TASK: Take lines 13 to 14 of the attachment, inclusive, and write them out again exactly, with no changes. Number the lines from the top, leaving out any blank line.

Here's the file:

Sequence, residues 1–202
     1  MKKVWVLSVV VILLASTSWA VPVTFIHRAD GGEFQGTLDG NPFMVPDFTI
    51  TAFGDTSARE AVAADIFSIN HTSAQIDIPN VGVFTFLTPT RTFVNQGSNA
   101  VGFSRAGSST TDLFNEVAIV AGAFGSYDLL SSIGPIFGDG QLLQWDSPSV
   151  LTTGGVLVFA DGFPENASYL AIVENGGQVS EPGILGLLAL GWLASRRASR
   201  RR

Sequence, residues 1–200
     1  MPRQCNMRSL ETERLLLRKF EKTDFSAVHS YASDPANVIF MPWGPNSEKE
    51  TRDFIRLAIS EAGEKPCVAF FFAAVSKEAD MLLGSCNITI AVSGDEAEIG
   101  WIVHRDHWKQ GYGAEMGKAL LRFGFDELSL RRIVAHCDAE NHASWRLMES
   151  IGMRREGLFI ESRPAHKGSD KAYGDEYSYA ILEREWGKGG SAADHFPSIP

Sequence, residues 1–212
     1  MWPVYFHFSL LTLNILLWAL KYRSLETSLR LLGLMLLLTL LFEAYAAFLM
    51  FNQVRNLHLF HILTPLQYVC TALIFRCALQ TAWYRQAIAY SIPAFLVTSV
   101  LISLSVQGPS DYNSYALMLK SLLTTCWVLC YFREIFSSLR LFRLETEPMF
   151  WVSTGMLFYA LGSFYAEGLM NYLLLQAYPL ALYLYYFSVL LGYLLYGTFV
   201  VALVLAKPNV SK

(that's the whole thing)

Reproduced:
     1  MWPVYFHFSL LTLNILLWAL KYRSLETSLR LLGLMLLLTL LFEAYAAFLM
    51  FNQVRNLHLF HILTPLQYVC TALIFRCALQ TAWYRQAIAY SIPAFLVTSV